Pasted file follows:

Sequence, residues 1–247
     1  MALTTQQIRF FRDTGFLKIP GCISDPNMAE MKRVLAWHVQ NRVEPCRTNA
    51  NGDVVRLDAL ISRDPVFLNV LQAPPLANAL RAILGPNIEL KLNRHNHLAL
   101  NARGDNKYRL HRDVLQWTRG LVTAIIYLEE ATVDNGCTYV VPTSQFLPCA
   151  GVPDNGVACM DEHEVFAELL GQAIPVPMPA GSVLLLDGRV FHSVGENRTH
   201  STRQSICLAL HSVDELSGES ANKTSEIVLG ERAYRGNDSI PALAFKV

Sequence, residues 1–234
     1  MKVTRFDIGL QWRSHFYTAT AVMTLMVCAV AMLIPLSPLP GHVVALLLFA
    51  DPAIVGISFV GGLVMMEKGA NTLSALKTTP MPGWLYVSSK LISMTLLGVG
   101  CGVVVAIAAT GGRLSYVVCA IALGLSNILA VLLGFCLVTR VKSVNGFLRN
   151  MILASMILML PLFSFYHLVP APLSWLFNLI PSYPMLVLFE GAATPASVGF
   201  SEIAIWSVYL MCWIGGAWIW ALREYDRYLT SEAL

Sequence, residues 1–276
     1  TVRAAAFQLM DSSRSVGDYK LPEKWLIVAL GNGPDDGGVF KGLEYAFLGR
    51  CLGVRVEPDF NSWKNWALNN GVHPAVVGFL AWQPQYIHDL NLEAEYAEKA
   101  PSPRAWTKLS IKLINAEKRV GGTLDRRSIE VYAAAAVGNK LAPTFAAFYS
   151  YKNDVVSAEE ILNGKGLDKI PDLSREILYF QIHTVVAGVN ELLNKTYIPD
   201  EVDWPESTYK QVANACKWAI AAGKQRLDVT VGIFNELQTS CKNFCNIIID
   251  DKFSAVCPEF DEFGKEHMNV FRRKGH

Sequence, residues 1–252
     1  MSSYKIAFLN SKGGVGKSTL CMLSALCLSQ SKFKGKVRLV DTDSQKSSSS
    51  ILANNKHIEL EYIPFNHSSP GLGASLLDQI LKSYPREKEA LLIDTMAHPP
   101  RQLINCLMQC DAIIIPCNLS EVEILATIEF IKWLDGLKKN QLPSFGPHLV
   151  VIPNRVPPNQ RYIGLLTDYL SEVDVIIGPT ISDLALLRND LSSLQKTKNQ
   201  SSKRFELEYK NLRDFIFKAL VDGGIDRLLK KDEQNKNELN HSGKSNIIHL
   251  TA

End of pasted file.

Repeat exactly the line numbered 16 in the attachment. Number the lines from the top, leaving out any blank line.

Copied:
   101  PSPRAWTKLS IKLINAEKRV GGTLDRRSIE VYAAAAVGNK LAPTFAAFYS